After the formalities
After the Formalities, Anthony Anaxagorou, Penned in the Margins, 2019, 108 pp, £9.99 (paperback)
& to the burning I say
my worry is a whole country.
my grandmother died with umbrellas
outstretched in her gut my grandmother
to be British
is to be everywhere.
In ‘Cause’, the second poem in Anthony Anaxagorou’s collection After the Formalities, the poet reclaims the phrase ‘flames lambent’ – an image taken from Enoch Powell’s ‘Rivers of Blood’ speech and quoted by historian David Starkey in a 2011 interview following the London riots – for poetry.
Countering Powell and Starkey, who used such poetic cadences (intended to recall English translations of Virgil) to elevate their inflammatory, racist ideas with an air of delicacy and prophetic fervour, Anaxagorou turns the words of politicians back to the service of a poetry that expresses, inquires into and accounts for, rather than incites, ‘the burning’ within and around us. This very present and pressing ‘burning’ takes many forms in this collection: in an intimate scene at a mother’s deathbed, ‘A kneeling flame floats on the mercy | of its oil, quietly untying its light’, while in another poem ‘Across the flyover a tower | crammed what hurt it knew | into a flame’. ‘Flames lambent’ becomes an apt figure for Anaxagorou’s poetic temperament, characterised by Akala as ‘A burning rage with a delicate taste’.
Anaxagorou shares an interest in the origins of ideas catching on, as well as alight, with those who wield them more malevolently (Nigel Farage is quoted too, saying, ‘It’s amazing how ideas start out, isn’t it?’). The poems trace these origins with careful and urgent ‘worry’; every slur, every name opens up an account of ‘the whole of history’ that calls for apologies which aren’t forthcoming. In Anaxagorou’s capable hands, it is poetry that can best achieve redress, ‘us[ing] language for closeness. for closure.’ Closeness and closure are at least partially achievable if we make the effort to afford the pronunciation of a name, the inner life of the man driving our Uber, and the history of a small nation their own poetry, proper context and emotional due. Knowing too well the hurt caused by omission, whether the failure to act at a violent crime scene in ‘Testimony as Omission’ (‘and yes / I should have intervened / gazelle-like / between two injured leopards’) or the failure of a school teacher to list Cyprus among Britain’s ex-colonies in ‘Ecumene’, for Anaxagorou every detail is ‘worth noting’ – essential to a more generous understanding of the potentially violent emotional, historical and political fallout from ‘What life will do with us in the name of living’.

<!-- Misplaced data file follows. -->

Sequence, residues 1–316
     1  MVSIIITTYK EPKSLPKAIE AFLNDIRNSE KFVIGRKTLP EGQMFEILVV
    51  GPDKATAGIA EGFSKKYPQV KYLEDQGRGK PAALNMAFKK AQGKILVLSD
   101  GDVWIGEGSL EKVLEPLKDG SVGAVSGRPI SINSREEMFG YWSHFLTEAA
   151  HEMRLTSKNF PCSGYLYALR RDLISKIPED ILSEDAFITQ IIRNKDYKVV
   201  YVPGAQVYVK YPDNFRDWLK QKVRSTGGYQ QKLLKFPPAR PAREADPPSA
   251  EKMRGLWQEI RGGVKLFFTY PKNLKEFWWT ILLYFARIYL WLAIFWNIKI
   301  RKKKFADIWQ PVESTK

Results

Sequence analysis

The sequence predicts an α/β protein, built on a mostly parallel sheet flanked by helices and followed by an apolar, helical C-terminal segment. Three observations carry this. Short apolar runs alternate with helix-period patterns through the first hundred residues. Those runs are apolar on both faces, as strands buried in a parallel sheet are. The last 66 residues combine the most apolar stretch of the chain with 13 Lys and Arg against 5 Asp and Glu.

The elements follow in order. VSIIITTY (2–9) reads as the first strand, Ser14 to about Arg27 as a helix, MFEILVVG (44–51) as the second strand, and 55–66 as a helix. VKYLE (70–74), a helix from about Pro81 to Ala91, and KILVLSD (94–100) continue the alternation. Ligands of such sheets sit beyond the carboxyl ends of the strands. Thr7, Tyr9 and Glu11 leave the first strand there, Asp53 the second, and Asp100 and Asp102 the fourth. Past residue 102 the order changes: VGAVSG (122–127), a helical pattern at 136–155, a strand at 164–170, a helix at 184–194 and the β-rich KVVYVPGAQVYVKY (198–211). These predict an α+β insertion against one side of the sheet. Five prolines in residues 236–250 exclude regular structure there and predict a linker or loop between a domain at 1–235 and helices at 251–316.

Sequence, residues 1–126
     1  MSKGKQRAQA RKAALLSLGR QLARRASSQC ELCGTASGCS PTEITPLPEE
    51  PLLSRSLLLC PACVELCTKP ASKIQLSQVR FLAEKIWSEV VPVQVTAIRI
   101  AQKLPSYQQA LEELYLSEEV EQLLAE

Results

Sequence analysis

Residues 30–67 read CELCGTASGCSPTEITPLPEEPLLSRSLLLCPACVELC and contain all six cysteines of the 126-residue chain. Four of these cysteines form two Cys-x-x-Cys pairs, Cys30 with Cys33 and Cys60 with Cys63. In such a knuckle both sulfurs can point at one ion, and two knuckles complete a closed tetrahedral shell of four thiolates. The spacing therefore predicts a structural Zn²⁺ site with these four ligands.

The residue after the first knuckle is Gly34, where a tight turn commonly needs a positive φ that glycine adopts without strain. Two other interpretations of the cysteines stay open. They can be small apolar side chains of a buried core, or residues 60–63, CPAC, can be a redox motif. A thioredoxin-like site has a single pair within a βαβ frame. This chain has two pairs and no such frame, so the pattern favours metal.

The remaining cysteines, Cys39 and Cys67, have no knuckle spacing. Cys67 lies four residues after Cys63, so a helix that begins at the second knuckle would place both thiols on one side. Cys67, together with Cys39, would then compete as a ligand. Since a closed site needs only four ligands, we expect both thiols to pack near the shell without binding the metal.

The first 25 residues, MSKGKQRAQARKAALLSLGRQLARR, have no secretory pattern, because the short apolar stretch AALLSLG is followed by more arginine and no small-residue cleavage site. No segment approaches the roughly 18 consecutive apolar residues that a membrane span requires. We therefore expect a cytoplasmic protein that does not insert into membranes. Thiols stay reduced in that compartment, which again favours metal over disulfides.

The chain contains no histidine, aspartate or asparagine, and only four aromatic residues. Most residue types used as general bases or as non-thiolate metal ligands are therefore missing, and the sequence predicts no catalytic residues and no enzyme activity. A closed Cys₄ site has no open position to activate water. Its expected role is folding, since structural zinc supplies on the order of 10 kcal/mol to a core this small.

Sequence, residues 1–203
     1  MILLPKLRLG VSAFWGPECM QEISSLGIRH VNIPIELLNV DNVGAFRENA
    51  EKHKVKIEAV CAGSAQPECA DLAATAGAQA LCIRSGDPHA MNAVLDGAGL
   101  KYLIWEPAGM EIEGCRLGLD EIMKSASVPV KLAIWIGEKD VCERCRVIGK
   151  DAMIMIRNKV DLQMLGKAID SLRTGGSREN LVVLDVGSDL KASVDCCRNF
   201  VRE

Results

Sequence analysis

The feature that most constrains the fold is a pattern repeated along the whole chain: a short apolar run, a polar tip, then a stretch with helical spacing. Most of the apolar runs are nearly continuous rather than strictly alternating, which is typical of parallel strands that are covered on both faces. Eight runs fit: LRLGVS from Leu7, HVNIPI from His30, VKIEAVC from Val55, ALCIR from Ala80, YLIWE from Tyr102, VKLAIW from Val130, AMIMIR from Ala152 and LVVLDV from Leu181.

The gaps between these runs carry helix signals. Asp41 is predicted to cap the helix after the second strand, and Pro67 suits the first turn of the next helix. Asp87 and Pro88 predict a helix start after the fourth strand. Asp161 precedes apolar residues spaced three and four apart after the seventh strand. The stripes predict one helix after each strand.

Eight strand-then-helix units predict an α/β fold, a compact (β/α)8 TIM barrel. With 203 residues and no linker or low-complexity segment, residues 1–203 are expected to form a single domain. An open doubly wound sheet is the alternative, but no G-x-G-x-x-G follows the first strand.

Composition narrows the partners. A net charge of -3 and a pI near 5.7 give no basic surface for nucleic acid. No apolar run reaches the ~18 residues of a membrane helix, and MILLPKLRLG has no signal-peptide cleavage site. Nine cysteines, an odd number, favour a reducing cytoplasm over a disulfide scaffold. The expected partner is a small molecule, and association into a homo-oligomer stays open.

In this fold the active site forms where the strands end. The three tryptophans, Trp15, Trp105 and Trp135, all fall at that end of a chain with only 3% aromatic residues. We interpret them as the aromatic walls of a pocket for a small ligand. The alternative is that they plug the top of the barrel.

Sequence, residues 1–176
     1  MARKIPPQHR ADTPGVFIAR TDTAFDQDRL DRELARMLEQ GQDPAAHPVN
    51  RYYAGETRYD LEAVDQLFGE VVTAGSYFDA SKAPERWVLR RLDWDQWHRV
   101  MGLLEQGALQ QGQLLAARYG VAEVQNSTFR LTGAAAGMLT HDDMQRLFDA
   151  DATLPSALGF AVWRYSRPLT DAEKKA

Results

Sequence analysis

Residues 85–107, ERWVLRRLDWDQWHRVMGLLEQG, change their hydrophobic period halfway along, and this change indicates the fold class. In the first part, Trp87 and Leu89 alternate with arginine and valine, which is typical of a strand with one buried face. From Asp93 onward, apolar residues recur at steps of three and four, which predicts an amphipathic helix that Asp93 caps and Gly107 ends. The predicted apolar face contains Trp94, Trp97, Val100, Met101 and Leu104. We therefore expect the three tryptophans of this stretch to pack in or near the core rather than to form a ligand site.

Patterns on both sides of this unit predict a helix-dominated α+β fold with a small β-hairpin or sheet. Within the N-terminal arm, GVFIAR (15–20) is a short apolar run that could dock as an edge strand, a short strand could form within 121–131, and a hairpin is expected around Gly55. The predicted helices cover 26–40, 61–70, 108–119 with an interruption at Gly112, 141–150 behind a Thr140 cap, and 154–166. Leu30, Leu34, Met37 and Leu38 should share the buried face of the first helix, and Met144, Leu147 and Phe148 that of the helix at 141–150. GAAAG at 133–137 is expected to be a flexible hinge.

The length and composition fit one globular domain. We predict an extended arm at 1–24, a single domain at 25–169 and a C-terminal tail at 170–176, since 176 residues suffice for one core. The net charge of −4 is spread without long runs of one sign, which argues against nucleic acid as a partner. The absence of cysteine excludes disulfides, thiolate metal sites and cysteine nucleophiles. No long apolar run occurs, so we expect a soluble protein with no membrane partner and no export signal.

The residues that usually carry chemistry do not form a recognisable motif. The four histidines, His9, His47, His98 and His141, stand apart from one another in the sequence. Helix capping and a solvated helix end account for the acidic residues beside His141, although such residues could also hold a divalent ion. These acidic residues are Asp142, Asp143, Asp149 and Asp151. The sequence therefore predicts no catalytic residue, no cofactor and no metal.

After the formalities of course I said London
& of course he asked again.
– ‘After the Formalities’
The collection is beautifully paced. Three poems on its threshold linger in ‘airport security | who question where I’m headed and why’ and ‘departure lounge[s] … heavy with pilots who no longer trusted the sky’, dwelling on beginnings (for the poet’s young son ‘it’s always the beginning’) and what comes before them (‘before Harvey Weinstein … before Theresa May triggered Article 50 … before oceans reversed slowly into cages | like blue meat in a slaughterhouse’). But the next two poems, ‘Uber’ and ‘A Line of Simple Inquiry’, each differently but explosively push us into the after – after the formalities, both interpersonal and poetic.
In ‘Uber’, a racist incident on the day of the EU referendum recasts the question ‘do you prefer | it | here | ?’ exchanged between two EU nationals as so much more than polite small-talk. ‘A Line of Simple Inquiry’ reveals the true violence of the familiar question ‘where really?’ by pushing a faux-fascinated interrogation to its logical, threatening end: ‘Is that your hand still on my elbow?’ Both poems carve out a space ‘after’ technical formalities (in the sense of ‘following’ as well as ‘moving beyond’) – ‘Uber’ with short, sharp lines (‘go home | home | go home | home’) and ‘A Line of Simple Inquiry’ as a prose-poem, both rhythmically relentless – achieving Anaxagorou’s characteristic aim to ‘bridge the disparity between performance poetry and traditional page poetry’. After the Formalities continues to oscillate between meditation and reportage, lyric introspection and outraged intervention, with impressive control.
America is named after Amerigo Vespucci
a coloniser who would prove Columbus wrong
history is all of our making I wanted to declare
she said enough for one night sometimes
the only way to speak to a person who hurts
is to kiss them enough their mouth learns
how to salvage love from spit on the floor…
– ‘There Are No Ends, Only Intervals’
Perhaps Anaxagorou’s most important achievement lies in creating a manifesto for a complete, multifaceted masculinity that makes After the Formalities essential reading for our times and should give us hope for the future. This emerges through the great range of voices that the poet adopts to talk to strangers, racists, his partner, his son, his grandmother, the nation, himself and his body. Sometimes he is acerbically funny (‘I’ve had toothbrushes | more complicated than you | you look like a social construct | on the scrap heap of history’), sometimes he yearns in isolation (‘Do I look good in this body? … give me direction, show me god’), sometimes he relates to the vulnerability of broken birds and children (‘my son couldn’t stop thanking me for buying him | a watch, I love you daddy, at this I cried | becoming another rescued animal in his hands’). If Anaxagorou shows us that he is still learning every day how to live as a man, in this collection his mastery of language leaves no such development to be desired.
Words by Katie Mennis.
To buy After the Formalities by Anthony Anaxagorou, visit Penned in the Margins’ website.
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